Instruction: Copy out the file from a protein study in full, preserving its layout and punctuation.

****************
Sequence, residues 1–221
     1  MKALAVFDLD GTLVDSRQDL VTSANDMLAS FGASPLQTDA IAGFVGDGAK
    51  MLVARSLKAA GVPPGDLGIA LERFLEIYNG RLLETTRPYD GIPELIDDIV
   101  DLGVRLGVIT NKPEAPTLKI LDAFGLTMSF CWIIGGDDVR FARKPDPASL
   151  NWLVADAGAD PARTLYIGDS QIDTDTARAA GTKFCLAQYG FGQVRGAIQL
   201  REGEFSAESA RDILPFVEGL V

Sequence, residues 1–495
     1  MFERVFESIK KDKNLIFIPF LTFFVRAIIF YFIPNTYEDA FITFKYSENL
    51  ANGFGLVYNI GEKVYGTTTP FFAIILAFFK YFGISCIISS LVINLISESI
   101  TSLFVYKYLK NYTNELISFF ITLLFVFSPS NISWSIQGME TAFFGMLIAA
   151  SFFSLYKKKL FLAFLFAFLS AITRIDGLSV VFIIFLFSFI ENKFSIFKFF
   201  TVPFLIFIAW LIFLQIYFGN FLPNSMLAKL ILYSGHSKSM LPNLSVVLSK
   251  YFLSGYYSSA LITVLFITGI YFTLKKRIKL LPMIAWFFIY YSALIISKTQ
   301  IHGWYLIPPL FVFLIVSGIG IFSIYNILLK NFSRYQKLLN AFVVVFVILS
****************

Sequence, residues 1–221
     1  MKALAVFDLD GTLVDSRQDL VTSANDMLAS FGASPLQTDA IAGFVGDGAK
    51  MLVARSLKAA GVPPGDLGIA LERFLEIYNG RLLETTRPYD GIPELIDDIV
   101  DLGVRLGVIT NKPEAPTLKI LDAFGLTMSF CWIIGGDDVR FARKPDPASL
   151  NWLVADAGAD PARTLYIGDS QIDTDTARAA GTKFCLAQYG FGQVRGAIQL
   201  REGEFSAESA RDILPFVEGL V

Sequence, residues 1–495
     1  MFERVFESIK KDKNLIFIPF LTFFVRAIIF YFIPNTYEDA FITFKYSENL
    51  ANGFGLVYNI GEKVYGTTTP FFAIILAFFK YFGISCIISS LVINLISESI
   101  TSLFVYKYLK NYTNELISFF ITLLFVFSPS NISWSIQGME TAFFGMLIAA
   151  SFFSLYKKKL FLAFLFAFLS AITRIDGLSV VFIIFLFSFI ENKFSIFKFF
   201  TVPFLIFIAW LIFLQIYFGN FLPNSMLAKL ILYSGHSKSM LPNLSVVLSK
   251  YFLSGYYSSA LITVLFITGI YFTLKKRIKL LPMIAWFFIY YSALIISKTQ
   301  IHGWYLIPPL FVFLIVSGIG IFSIYNILLK NFSRYQKLLN AFVVVFVILS